After knitting a bit, I marked my change row and began knitting with a US 5. The 5 produced a much stiffer-feeling fabric, but knitting was not at all difficult. After knitting several more inches, I again marked my change row and picked up a US 7.

This is when the yarn really began to sing to me. The stitches had more room between them and, knowing that the CVM would bloom in washing, I was excited to see what fabric this would produce. I knit on for several more inches and then cast off. I then began to wonder, if the yarn was happy with a US 7, what would it do with a US 8? So, I got out an 8 and cast on the same number of stitches and happily knit more.
 
Now, swatches should always be measured after you have washed and dried them, but I also take measurements before washing so I know if I am knitting to my gauge as I knit the project. And I measure over 4 and 8 inches. I lay the swatch on a table and get out a straight ruler and some pins. And, really – a straight ruler is crucially important! I pin out the measurements and count the stitches. 

Here are my pre-wash measurements:

  • US 6 – 18 stitches = 4 inches, 36 stiches = 8 inches
  • US 5 – 18 stitches = 4 inches, 35 stitches = 8 inches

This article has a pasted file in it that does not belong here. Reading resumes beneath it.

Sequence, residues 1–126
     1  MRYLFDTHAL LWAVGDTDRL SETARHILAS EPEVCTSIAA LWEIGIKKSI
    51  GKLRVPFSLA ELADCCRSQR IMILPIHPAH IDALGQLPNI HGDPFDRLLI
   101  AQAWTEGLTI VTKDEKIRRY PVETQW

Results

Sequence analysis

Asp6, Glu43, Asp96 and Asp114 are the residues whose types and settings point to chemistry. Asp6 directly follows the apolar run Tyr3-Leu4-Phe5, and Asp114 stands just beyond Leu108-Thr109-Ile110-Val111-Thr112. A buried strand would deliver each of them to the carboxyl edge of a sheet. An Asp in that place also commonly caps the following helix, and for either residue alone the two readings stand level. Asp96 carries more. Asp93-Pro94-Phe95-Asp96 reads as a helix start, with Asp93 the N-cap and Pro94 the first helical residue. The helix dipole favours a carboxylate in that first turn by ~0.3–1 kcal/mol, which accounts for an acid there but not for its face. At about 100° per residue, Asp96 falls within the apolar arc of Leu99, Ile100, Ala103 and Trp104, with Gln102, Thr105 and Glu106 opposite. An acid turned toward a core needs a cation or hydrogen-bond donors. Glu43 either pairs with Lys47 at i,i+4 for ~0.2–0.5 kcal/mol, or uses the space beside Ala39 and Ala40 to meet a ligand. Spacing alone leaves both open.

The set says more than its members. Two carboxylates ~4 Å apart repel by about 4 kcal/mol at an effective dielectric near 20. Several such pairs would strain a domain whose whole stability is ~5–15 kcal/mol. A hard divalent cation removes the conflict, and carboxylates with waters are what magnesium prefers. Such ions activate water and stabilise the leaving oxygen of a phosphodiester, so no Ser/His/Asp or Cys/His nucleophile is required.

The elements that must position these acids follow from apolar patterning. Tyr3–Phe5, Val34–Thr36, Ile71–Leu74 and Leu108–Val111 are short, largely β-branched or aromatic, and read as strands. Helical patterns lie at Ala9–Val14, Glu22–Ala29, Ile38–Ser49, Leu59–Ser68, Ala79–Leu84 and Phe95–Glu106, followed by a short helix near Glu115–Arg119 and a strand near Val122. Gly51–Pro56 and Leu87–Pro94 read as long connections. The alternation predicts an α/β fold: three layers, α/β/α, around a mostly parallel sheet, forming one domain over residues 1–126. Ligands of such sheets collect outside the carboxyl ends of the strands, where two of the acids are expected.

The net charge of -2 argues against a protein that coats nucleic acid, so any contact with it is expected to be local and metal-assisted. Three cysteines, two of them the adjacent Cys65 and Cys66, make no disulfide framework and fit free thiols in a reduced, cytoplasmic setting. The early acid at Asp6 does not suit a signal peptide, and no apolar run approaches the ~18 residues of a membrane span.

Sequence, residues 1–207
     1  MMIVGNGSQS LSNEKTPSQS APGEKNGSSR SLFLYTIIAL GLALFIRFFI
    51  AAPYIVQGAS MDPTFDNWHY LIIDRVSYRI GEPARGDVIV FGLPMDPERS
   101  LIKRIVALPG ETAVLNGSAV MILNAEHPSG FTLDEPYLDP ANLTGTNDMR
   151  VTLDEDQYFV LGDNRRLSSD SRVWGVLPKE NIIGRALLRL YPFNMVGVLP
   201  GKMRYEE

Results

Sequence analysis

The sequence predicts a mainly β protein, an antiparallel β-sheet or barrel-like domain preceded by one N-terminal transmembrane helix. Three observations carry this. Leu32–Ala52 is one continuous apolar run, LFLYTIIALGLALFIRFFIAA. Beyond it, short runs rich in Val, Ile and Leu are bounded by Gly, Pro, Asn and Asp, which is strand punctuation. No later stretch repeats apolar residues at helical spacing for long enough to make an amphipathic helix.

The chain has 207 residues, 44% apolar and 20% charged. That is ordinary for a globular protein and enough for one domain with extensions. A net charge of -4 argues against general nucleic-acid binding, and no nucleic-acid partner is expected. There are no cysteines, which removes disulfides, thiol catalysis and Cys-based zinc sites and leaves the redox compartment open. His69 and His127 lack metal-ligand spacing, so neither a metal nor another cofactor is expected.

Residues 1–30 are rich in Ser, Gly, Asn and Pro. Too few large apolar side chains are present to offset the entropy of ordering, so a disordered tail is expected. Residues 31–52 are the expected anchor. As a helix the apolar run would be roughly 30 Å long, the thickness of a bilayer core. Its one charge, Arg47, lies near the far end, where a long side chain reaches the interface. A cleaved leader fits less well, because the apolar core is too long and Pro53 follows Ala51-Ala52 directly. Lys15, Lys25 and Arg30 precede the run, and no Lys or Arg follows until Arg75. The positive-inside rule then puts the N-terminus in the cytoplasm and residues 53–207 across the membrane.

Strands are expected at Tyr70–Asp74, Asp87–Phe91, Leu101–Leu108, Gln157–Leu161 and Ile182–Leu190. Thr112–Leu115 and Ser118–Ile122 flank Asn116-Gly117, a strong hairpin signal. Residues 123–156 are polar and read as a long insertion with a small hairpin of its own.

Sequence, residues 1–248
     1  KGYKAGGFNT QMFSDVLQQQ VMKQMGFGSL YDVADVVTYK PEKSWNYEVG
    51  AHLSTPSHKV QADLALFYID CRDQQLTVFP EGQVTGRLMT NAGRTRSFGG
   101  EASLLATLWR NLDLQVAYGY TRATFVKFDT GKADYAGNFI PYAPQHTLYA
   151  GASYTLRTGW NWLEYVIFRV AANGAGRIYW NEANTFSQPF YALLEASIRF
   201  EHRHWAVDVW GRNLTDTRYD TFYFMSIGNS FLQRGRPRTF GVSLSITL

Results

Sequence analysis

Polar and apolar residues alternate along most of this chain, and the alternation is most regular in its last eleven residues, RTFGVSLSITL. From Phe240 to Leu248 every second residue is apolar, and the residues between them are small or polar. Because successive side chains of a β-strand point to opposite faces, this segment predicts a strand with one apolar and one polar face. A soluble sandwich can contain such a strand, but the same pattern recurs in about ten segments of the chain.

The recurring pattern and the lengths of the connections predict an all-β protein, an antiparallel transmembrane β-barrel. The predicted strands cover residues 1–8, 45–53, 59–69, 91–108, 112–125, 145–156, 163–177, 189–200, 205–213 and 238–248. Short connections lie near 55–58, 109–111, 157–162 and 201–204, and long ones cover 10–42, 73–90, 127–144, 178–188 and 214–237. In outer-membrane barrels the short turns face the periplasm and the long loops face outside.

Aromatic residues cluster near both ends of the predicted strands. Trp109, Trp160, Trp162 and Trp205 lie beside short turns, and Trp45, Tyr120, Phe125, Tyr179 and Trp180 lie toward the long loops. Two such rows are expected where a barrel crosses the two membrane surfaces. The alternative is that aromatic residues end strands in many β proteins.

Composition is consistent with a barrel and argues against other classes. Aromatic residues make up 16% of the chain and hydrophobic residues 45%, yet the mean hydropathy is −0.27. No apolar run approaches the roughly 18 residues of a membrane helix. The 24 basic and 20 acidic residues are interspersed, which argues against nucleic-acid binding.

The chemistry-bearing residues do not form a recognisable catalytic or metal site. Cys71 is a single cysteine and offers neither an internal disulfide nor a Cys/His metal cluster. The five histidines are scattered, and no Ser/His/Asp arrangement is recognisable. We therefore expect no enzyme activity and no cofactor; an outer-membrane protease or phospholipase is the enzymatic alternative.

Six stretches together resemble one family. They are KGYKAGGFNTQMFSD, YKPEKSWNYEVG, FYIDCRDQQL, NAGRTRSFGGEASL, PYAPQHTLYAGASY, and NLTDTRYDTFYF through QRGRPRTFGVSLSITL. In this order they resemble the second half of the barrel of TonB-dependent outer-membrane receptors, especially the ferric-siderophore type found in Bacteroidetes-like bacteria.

• US 7 – 17 ½ stitches = 4 inches, 35 stitches = 8 inches
  • US 8 – 17 stitches = 4 inches, 34 stitches = 8 inches

The stitch counts did not vary drastically between the needle sizes—that is, until I washed the swatch! I soaked the swatches in hot water with a bit of Soak, and I left them in the water for about 45 minutes. I agitated them manually and then rolled them in a towel to remove the excess moisture and laid them flat to dry. I did not pin them out, I simply laid them flat and gently smoothed out the edges. I did not stretch them at all.

Here are the post-wash measurements: 

  • US 6 – 16 stitches = 4 inches, 32 stitches = 8 inches (4 stitches per inch)
  • US 5 – 17 stitches = 4 inches, 34 stitches = 8 inches (4.25 stiches per inch)
  • US 7 – 16 ½ stitches = 4 inches, 33 stitches = 8 inches (4.125 stitches per inch)
  • US 8 – 14 stitches = 4 inches, 28 stitches = 8 inches (3.5 stitches per inch)

As you can see, there was significant blooming when the stitches had enough room to do so. 

The next thing I looked at was the fabric I created with each needle size: how did they feel, how did they look, and how did they wear? Sometimes, finding the best gauge for a yarn is just a process of elimination. In this case, the swatch knit on the US 8 is soft and has good drape, but there is too much room between the stitches for them to help each other stay in shape for the wear that a sweater would get. I might use this gauge if I wanted to knit a cowl with some drape, but this is not sweater fabric.